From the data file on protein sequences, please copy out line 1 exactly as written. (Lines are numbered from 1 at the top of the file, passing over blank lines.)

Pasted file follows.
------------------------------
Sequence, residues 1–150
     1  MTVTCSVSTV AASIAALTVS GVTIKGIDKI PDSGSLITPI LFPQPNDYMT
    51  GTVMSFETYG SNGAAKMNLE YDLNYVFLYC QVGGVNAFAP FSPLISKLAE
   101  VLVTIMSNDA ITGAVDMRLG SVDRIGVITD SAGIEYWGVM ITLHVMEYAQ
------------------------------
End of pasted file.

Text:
Sequence, residues 1–150